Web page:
What is angina?
Angina is pain or discomfort in the chest. It often has a squeezing or pressure-like feel. This discomfort can also be felt in the shoulders, arms, neck, jaws, or back. Angina pain usually lasts for no more than two to ten minutes.
Types of angina include:
- Stable angina has a predictable pattern. You generally know what brings it on and what relieves it. You may also know what the intensity will be.
- Unstable angina is more unpredictable and/or severe. Chest pain may occur while resting or sleeping. The discomfort may last longer and be more intense than that of stable angina. Unstable angina may be a sign that you are about to have a heart attack. It should be treated as an emergency.
- Variant or Prinzmetal's angina is caused by temporary spasm of coronary arteries. It occurs when you are at rest, most often in the middle of the night. It can be quite severe.
Typical Angina Pain Areas
Copyright © Nucleus Medical Media, Inc.
Angina is usually a sign of coronary artery disease (CAD). It occurs when the blood vessels leading to your heart are narrowed or blocked. The blockage decreases the blood and oxygen flow to your heart. When your heart is deprived of oxygen, you will feel chest pain and other symptoms.
Coronary Artery Disease
Copyright © Nucleus Medical Media, Inc.
Angina occurs when your heart's need for blood and oxygen is increased by:
- Exercise or exertion
- Cold weather
- A large meal
- Emotional stress
Stable angina becomes unstable when symptoms:
- Occur more often
- Last longer
- Are triggered more easily
Variant or Prinzmetal's angina is usually caused by a spasm of a heart vessel. It may be a sign that you have one of the following conditions:
- Extremely high blood pressure
- Hypertrophic cardiomyopathy
- Diseases of the heart valves
CAD is more common in older men. Other factors that may increase your risk of CAD include:
- Strong family history of heart disease
- Obesity and overweight
- High blood pressure
- Sedentary lifestyle
- High blood cholesterol – specifically, high low-density lipoprotein [LDL]
- cholesterol and low high-density lipoprotein [HDL] cholesterol
- Excessive alcohol intake
Symptoms may include:
- Pressure or squeezing chest pain
- Chest pain or discomfort is the key symptom of angina
- Some people do not experience the pain as severely
- Elderly people, women, and people with diabetes are more likely to have subtle symptoms and pain outside of the typical areas
- Some people have silent ischemia (lack of blood supply to the heart) and experience no symptoms of chest pain
The likelihood of a heart attack is increased when chest discomfort is severe, lasts more than 15 minutes, and is accompanied by other symptoms, such as:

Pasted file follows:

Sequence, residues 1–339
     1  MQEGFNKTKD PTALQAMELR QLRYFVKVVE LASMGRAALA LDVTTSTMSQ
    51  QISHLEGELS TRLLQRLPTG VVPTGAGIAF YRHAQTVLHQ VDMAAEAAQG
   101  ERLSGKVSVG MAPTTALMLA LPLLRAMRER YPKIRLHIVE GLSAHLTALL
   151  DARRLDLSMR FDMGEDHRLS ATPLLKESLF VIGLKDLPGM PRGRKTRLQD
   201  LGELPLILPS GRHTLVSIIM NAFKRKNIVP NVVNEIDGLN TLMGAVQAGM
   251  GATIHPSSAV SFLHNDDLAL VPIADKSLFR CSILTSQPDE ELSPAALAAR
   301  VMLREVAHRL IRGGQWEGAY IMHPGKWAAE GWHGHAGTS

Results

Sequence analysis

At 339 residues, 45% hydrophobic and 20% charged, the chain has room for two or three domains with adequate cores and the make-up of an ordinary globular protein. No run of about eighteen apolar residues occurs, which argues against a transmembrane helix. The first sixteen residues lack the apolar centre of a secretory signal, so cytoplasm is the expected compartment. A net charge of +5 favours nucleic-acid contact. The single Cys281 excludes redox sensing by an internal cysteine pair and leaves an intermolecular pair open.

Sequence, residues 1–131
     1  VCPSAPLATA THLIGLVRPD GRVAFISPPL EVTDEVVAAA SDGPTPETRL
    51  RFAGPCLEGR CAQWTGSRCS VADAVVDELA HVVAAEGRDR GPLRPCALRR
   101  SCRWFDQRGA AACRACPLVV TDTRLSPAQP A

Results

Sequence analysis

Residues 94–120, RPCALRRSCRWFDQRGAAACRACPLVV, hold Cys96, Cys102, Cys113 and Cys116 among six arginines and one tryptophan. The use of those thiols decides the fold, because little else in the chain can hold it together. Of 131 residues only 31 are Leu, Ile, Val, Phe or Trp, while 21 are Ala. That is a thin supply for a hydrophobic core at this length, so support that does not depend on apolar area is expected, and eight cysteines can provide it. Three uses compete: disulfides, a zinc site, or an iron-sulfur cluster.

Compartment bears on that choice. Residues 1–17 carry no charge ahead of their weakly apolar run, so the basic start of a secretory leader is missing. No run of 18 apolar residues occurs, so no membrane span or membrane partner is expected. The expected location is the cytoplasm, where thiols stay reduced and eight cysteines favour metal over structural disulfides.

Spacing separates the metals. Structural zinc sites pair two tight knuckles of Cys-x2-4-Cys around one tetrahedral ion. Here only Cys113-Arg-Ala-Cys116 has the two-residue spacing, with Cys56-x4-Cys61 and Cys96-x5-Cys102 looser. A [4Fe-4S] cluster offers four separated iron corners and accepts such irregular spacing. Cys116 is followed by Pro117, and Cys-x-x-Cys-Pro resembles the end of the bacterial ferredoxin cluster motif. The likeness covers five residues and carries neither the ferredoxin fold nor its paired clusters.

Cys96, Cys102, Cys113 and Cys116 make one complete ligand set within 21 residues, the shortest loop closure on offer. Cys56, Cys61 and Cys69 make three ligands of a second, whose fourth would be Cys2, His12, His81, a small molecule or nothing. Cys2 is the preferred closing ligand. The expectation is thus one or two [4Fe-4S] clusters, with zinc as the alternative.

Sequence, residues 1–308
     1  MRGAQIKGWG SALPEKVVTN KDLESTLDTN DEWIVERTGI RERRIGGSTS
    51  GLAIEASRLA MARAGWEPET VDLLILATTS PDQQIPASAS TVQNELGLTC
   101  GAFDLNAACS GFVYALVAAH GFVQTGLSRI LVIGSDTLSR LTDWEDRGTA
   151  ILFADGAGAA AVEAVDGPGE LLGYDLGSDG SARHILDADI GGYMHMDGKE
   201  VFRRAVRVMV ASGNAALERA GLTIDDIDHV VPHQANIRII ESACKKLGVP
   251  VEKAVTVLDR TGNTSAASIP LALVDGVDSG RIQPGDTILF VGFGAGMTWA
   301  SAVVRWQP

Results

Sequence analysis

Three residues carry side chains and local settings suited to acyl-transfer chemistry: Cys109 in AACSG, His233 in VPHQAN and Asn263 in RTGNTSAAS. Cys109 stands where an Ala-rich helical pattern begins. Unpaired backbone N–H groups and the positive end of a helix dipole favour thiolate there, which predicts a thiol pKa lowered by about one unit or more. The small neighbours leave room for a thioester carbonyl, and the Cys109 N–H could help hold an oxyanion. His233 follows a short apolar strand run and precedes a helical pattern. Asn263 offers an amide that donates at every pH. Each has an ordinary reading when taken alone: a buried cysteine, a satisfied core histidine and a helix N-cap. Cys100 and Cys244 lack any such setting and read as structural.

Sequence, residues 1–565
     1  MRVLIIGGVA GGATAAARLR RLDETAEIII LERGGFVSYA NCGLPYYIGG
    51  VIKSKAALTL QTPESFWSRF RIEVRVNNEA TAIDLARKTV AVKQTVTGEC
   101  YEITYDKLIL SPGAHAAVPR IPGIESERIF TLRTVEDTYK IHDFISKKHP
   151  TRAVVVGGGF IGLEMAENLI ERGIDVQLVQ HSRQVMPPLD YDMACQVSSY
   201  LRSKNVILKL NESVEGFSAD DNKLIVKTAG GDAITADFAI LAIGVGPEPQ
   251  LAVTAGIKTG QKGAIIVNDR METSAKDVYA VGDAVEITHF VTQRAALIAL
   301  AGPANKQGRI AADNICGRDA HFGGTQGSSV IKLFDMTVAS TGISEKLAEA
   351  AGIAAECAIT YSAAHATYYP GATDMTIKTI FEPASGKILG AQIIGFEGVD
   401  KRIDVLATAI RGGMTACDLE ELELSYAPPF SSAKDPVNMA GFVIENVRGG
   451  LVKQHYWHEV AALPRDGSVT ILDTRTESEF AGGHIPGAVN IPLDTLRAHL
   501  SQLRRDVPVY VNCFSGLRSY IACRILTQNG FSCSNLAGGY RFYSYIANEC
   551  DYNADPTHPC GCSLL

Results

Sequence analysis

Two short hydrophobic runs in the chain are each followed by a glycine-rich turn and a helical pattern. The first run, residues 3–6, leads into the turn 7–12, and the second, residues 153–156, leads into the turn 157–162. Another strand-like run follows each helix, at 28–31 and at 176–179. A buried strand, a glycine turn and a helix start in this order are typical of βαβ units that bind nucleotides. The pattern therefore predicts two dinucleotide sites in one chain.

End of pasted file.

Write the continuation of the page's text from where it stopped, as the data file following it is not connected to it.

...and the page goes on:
- Pain in the shoulder(s) or arm(s), or into the jaw(s)
- Shortness of breath
Diagnosis & Treatment
Tests will be done right away to see if you are having an episode of angina or a heart attack. If you have a stable pattern of angina, other tests may be done to determine the extent of your disease. The test results will help to create a treatment plan.You will be asked about your symptoms and medical history. A physical exam will be done. Your bodily fluids may be tested. This can be done with blood tests. Images may be taken of your heart.
This can be done with:
- Nuclear scanning
- Electron-beam CT scan (coronary calcium scan, heart scan, CT angiography)
- Coronary angiography
- Your heart activity may be tested and this can be done with electrocardiogram (EKG) or exercise stress test
- A medication is used to simulate the effects of physical exertion for those who cannot exercise
Treatments for angina include:
Medical Drug Therapy
- Nitroglycerin. Usually given during an attack of angina as a tablet that dissolves under the tongue or as a spray. Longer-lasting types may be used to prevent angina before an activity and may be given as pills, or applied as patches or ointments.
- Blood thinners. A small, daily dose of aspirin has been shown to decrease the risk of heart attack. Talk to your doctor before taking aspirin daily. Some may benefit from the addition of blood thinners. There is an increased risk of bleeding with certain medications.
- Beta-blockers and calcium-channel blockers. May reduce the occurrence of angina.
- Cholesterol-lowering medications. May prevent the progression of CAD; may even improve existing CAD.
- Ranolazine. To treat chronic angina.
Medical Procedures and Surgery - Patients with severe angina or unstable, progressing angina may benefit from:
- Coronary artery bypass graft. Uses arteries from other areas of your body to bypass blocked heart arteries.
- Coronary angioplasty and stenting. During an angioplasty, which is performed in St. Elizabeth's cardiac catheterization lab, a tiny balloon is inserted into your narrowed artery. The balloon is inflated to widen the artery, and then a small wire mesh coil (stent) is usually inserted to keep the artery open. This procedure improves blood flow in your heart, reducing or eliminating angina. Angioplasty and stenting is a good treatment option if you have unstable angina or if lifestyle changes and medications don't effectively treat your chronic, stable angina.
If you already have angina, you can prevent an onset by being aware of what starts it. If you don't have angina, preventing the development of CAD may reduce your chance of getting the condition. Steps to prevent CAD include managing risk factors:
- Maintain a healthy weight.
- Begin a safe exercise program with the advice of your doctor.
- Stop smoking.
- Eat a healthy diet. It should be low in saturated fat. It should also be rich in whole grains, fruits, and vegetables.
- Manage high blood pressure and/or diabetes.
- Manage abnormal cholesterol levels or high triglycerides.